Hermiston resident Irene Miller and many of her loved ones celebrated, Saturday, Oct. 9, as Miller neared her 100th birthday. She who would turn 100 two days later, enjoyed a party Saturday at the Harkenrider Senior Activity Center, Hermiston.
In addition to partying with her family, who travelled from locations as far as Colorado, friendly passersby also wished her well. Miller greeted friends for a “drive-by celebration,” in which people drove past the senior center, stop briefly and then shouted out a greeting to the new centenarian. This was done to limit potential COVID-19 exposure.
At the party, Miller’s loved ones boasted of her health and strong mental capacities.
“I keep telling people I’m an S.O.S — slower, older and smarter,” Miller said.
She said she has two secrets to good living: a sense of humor and a positive attitude.
Miller said she had been looking forward to her 100th birthday for about 10 years. It meant a great deal to her, she said, to be in the company of her three daughters, their husbands, their children and grandchildren. Short a couple of close family members, who were not able to be at the party because of a COVID-19 scare, there were more than 20 attendees.
“I love this town,” she said, because Hermiston is a good place to raise children. It also has given her many opportunities to be active. At the party, she spoke of her involvement in the hospital auxiliary, the parent-teacher association and the First Methodist Church. She also was a leader in her daughter’s groups — Camp Fire Girls, Bluebirds and 4-H — when they were children.
While Miller listed a few of her accomplishments and community work, other partygoers mentioned her other activities. She, along with her family, sponsored two foreign students. Also, she donated 23 gallons of blood, worked for Habitat for Humanity and was president of the senior center board. She even helped to create the Harkenrider Senior Activity Center, people said.
She remains active, as she enjoys playing cards and bingo with friends, children, grandchildren and great-grandchildren. She also embroiders, crochets and knits, creating hundreds of items that remain treasured objects.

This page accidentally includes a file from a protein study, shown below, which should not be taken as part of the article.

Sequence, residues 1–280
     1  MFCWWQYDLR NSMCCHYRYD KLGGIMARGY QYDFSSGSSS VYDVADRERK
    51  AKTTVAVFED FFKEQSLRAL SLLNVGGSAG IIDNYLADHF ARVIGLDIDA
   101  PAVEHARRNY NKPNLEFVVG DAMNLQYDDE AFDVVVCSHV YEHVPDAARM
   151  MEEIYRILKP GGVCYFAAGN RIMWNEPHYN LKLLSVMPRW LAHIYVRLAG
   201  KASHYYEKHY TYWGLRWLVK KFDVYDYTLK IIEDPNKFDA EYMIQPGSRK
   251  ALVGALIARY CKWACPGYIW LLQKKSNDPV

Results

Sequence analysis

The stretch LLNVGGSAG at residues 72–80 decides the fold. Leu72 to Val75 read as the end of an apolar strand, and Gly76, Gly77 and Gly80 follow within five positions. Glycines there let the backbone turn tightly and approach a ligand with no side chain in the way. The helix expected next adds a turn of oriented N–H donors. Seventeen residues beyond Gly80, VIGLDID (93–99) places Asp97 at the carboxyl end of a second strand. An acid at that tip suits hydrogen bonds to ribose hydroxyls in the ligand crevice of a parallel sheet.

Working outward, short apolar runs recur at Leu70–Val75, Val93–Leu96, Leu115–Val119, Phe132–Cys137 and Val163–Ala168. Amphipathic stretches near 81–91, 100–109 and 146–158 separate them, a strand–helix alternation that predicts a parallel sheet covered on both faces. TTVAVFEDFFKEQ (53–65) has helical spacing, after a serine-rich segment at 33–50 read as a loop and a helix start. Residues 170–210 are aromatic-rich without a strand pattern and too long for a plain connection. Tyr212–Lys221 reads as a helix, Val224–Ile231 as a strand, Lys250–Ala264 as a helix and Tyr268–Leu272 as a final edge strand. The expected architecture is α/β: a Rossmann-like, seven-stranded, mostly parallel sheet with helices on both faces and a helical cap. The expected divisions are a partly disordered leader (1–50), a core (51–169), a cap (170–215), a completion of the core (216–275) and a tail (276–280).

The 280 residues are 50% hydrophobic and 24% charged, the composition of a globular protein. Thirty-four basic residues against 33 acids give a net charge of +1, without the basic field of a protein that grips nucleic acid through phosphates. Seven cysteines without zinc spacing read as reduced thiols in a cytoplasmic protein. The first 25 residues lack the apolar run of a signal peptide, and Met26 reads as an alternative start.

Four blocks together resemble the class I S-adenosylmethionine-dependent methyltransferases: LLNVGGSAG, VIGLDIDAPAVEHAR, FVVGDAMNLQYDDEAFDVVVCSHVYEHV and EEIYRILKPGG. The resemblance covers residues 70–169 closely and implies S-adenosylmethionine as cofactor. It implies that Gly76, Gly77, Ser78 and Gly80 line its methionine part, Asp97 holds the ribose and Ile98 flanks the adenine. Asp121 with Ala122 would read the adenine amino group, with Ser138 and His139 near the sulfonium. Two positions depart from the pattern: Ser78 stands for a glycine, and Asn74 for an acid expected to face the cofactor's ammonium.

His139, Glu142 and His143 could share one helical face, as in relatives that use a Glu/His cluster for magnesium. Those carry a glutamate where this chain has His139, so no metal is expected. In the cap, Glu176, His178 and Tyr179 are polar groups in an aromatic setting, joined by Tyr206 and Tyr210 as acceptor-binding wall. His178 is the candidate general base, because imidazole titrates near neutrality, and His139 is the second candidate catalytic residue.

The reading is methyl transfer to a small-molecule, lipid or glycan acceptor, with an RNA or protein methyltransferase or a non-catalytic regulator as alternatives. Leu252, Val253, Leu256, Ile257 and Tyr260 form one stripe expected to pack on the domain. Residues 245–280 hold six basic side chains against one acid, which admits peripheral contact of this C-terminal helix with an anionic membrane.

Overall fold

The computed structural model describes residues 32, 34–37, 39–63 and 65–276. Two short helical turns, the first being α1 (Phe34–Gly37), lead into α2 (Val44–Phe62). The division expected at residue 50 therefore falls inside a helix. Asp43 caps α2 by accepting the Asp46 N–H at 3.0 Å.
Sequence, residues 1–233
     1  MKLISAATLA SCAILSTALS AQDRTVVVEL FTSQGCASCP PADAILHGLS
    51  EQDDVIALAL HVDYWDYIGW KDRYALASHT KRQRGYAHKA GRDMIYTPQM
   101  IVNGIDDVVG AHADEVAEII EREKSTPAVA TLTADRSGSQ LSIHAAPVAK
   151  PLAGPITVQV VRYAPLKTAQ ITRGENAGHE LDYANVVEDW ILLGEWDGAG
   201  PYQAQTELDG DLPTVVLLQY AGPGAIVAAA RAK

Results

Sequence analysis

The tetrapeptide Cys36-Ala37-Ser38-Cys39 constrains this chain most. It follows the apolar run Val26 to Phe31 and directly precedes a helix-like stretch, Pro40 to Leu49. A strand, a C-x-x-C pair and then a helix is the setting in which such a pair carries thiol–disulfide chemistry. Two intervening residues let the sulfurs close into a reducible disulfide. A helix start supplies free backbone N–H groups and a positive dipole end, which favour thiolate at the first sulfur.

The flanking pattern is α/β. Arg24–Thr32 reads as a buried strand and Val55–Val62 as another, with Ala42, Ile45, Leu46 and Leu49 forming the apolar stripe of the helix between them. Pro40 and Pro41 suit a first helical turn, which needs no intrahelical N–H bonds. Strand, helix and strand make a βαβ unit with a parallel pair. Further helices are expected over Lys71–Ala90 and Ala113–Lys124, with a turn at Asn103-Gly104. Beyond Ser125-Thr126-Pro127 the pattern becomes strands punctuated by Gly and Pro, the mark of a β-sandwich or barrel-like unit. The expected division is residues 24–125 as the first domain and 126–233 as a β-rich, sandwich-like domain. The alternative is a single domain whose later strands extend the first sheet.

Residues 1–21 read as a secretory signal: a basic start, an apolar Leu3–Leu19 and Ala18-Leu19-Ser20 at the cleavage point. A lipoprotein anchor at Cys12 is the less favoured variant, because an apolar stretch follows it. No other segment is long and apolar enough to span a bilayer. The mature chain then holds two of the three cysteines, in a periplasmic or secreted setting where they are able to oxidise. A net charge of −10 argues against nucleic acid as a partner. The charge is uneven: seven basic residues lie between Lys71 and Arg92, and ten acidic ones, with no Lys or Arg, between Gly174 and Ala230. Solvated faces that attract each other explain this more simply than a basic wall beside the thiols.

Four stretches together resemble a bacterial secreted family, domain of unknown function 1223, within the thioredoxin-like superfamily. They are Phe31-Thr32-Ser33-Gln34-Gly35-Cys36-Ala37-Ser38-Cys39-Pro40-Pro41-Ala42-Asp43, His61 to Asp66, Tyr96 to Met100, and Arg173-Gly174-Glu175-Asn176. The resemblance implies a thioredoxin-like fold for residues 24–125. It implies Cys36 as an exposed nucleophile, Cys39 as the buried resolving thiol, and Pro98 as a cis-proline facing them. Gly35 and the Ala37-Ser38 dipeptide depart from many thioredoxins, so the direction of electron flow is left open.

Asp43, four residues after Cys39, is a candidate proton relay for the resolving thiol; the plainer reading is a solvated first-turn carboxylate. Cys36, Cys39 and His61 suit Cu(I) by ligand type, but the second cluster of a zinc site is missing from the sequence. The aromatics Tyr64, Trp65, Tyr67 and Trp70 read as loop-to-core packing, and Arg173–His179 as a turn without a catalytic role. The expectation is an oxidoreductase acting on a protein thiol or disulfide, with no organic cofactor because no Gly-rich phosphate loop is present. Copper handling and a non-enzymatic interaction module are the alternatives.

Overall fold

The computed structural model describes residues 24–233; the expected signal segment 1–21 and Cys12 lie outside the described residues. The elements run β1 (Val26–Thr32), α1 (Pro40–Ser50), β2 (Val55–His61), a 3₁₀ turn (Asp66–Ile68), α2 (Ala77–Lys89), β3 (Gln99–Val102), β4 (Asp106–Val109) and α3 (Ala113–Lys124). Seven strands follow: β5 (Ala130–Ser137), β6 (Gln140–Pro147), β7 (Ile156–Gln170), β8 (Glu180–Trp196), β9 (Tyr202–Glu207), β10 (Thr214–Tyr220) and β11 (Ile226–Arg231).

“She is so full of love, and joyfulness and laughter,” said Judy Lovins, one of Miller’s three daughters. “We love her so much.”
“I love her deeply,” said Edna Jean “Tara” Miller, another of Miller’s daughters. “She’s such an inspiration, just in terms of her sharp mind, her soul, her kindness, her sense of humor and her service.”
The “baby” of the three daughters, Kathy Crowley, complimented her mother for being “always there” for her and all of her family and friends.”
“I enjoy her humor, her love and her beauty,” Crowley said. Her mother has taught her how to be positive, driven and sportsmanlike.
They are not alone in loving Miller, according to the trio of daughters. They said this celebration would have included 150 more people if not for COVID-19. At Miller’s last big birthday smash, two years ago, visitors packed the senior center.
As a social person, Miller has loved these large gatherings. She also loves going to Seattle Mariner games and traveling, things she has not been able to do lately. But she has, been able to keep active with some of her favorite things, as she still meets friends for cards.
Ruth Ford, who often plays cards with Miller, was one of the people who drove past the senior center to offer birthday greetings. They have known each other 40 years.
“She’s not like a 100-year-old,” Ford said, as Miller keeps score and shuffles when they play pinochle and canasta. The centenarian even frequently wins these games.
Miller’s loved ones said they are looking forward to her next birthday party.